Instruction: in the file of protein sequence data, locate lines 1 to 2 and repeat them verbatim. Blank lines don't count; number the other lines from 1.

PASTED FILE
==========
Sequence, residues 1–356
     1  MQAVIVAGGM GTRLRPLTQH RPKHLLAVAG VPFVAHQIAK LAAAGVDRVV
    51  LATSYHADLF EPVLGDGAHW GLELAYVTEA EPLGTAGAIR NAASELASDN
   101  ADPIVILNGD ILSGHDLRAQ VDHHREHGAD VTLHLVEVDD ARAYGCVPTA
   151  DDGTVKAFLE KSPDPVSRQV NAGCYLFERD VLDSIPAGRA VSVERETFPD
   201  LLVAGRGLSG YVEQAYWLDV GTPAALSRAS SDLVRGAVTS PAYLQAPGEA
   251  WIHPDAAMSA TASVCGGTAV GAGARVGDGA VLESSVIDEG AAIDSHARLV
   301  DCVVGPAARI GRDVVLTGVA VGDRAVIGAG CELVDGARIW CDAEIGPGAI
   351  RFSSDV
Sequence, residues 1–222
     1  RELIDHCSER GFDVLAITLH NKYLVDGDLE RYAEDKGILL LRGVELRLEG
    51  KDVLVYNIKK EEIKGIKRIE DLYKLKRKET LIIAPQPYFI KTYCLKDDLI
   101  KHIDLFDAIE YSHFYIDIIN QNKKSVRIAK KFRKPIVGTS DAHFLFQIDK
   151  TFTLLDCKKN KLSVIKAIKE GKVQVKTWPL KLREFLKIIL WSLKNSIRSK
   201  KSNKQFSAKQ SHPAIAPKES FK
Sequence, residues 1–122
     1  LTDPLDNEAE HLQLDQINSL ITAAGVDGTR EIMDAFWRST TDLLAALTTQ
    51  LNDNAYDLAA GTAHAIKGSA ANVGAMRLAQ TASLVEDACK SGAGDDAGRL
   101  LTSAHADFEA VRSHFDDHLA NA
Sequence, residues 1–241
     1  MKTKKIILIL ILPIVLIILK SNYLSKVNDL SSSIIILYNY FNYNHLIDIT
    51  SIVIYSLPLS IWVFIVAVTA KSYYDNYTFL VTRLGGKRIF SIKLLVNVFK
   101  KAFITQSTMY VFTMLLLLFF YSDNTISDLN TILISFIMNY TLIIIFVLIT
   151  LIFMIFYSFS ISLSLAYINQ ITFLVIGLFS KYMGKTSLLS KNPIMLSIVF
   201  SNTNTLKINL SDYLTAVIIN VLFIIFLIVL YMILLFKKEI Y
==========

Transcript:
Sequence, residues 1–356
     1  MQAVIVAGGM GTRLRPLTQH RPKHLLAVAG VPFVAHQIAK LAAAGVDRVV